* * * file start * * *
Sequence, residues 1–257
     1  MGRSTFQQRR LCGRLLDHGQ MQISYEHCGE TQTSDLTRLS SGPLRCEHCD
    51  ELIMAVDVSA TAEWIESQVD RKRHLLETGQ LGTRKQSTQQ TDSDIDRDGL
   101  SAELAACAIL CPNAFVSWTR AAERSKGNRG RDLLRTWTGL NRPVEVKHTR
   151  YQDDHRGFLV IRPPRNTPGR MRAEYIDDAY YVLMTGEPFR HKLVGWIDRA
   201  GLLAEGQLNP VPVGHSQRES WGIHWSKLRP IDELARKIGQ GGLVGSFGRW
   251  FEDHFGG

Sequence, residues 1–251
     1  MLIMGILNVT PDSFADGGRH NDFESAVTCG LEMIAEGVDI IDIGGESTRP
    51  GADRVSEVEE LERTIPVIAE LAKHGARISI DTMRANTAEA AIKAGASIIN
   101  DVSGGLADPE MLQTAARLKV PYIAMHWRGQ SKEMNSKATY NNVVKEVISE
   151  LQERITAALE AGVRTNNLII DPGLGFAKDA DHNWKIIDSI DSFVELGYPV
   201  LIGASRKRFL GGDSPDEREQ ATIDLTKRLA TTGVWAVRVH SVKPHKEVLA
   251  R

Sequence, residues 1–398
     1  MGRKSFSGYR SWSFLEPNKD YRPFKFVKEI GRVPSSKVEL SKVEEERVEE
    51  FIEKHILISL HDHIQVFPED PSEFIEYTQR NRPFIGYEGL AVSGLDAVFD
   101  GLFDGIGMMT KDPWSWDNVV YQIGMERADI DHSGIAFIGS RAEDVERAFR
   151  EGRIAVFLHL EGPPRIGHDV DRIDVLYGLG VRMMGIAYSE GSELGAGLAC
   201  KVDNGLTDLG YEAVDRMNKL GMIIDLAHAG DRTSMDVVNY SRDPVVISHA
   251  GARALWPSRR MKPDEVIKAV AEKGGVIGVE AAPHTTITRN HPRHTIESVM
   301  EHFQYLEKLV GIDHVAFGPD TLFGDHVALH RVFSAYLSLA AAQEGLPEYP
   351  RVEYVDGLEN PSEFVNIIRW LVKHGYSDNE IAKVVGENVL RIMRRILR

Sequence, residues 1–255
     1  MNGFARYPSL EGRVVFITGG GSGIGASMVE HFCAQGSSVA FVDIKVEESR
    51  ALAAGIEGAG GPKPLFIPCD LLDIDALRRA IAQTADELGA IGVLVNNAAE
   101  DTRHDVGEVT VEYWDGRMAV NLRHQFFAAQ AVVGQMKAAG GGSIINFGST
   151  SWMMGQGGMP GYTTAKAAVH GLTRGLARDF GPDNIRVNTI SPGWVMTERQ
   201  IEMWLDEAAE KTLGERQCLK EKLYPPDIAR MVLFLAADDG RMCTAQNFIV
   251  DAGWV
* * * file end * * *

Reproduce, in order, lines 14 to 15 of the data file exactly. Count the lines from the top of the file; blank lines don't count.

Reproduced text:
   251  R

Sequence, residues 1–398